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Has China Displaced the Outward Investments of OECD Countries?

  • Shujie Yao
  • Pan Wang
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    As China has rapidly emerged as one of the world’s largest investors abroad, there has been a hectic debate in the literature on whether its emergence as a major foreign investor may have undermined the importance of western industrialised economies, including those in the Organisation for Economic Cooperation and Development (OECD). This paper aims to investigate whether this is the case. The study uses a panel dataset covering 155 countries, including 33 in the OECD, where China had invested during 2003-09. This is by far the most comprehensive dataset of China’s outward foreign direct investment (OFDI). A two-stage least squared (TSLS) regression approach is adopted for our econometric models according to an established augmented gravity model in the literature. The empirical results show clear evidence that China’s OFDI displaces that of the OECD countries, but the argument that China’s emergence is a ‘new colonialism’ is not supported as OECD countries’ OFDI in resource abundant host countries, particularly that in Africa and Latin America, does not appear to have been displaced by China’s OFDI.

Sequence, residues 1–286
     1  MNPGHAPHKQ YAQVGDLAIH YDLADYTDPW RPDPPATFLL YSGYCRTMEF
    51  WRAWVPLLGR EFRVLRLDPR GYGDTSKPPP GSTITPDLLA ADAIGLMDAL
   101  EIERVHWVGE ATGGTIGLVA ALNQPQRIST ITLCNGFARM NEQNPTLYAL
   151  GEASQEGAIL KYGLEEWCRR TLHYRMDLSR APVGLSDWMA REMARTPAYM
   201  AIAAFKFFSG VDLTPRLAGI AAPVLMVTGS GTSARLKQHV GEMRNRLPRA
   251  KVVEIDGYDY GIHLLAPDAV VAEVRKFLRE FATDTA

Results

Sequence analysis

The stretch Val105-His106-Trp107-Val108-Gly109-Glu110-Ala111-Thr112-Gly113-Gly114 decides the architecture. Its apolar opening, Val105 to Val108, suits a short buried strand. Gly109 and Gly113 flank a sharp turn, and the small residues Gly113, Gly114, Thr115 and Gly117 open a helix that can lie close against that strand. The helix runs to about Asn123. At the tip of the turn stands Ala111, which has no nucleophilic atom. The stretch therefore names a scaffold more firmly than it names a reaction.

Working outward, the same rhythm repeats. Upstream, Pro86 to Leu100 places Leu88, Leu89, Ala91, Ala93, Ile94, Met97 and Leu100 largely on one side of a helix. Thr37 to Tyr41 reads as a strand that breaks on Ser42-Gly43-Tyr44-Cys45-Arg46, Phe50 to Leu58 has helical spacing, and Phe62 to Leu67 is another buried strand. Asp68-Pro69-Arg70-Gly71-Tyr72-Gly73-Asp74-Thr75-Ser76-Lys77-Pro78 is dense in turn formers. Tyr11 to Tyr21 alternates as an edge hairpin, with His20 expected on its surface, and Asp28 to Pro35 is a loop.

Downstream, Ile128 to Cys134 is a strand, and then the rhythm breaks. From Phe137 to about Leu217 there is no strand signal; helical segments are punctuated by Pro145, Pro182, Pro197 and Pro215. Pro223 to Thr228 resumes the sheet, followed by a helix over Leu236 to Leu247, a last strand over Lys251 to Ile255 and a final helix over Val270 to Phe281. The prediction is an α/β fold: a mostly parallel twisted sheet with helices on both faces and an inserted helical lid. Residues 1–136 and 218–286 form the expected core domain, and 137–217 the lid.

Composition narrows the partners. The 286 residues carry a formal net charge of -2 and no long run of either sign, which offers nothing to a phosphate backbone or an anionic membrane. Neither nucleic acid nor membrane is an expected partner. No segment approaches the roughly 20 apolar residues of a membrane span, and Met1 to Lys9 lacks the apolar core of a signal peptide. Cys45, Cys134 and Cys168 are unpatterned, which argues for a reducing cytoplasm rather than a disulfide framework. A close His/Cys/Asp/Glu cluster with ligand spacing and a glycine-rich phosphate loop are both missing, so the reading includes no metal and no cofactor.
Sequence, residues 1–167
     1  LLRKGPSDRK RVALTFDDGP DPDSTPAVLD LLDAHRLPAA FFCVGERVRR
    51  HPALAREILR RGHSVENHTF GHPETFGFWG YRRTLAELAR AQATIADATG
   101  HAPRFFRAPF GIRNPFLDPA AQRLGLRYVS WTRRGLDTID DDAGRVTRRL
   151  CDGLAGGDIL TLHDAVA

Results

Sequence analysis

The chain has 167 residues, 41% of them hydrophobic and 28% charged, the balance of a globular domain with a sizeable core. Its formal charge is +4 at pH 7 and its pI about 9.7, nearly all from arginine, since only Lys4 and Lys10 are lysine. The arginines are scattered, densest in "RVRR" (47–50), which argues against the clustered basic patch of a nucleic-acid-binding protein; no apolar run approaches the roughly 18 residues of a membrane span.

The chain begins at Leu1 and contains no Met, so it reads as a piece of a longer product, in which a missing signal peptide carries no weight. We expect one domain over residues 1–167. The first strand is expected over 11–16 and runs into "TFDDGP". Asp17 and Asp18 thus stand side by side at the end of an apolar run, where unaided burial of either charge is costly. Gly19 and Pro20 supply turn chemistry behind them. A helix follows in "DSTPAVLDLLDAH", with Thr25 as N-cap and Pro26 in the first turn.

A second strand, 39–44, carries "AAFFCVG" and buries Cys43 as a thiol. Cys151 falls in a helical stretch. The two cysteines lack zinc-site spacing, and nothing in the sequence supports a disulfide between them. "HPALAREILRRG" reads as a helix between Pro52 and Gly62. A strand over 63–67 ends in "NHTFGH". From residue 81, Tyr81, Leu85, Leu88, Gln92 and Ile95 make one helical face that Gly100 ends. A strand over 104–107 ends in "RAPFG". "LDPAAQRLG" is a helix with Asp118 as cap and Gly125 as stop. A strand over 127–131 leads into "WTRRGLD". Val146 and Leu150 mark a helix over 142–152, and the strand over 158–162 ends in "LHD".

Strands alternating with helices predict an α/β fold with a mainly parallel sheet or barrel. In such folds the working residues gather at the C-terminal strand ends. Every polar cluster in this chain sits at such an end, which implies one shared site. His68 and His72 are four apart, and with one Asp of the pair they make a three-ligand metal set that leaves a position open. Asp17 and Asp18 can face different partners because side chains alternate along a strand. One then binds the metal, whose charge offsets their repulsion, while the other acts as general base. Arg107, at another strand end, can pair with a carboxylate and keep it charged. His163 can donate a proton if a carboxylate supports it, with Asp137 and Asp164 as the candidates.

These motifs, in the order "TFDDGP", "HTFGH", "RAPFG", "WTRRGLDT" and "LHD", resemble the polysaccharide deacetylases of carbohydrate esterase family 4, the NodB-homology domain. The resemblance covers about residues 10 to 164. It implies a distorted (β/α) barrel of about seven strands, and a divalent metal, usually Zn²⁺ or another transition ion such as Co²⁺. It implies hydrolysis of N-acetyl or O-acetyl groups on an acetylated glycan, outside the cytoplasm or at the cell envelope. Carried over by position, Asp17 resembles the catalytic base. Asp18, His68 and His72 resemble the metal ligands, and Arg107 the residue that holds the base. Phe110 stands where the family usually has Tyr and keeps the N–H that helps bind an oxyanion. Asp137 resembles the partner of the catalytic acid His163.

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    File URL: http://www.nottingham.ac.uk/gep/documents/papers/2012/gep2012-10.pdf
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    Paper provided by University of Nottingham, GEP in its series Discussion Papers with number 12/10.

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    Handle: RePEc:not:notgep:12/10
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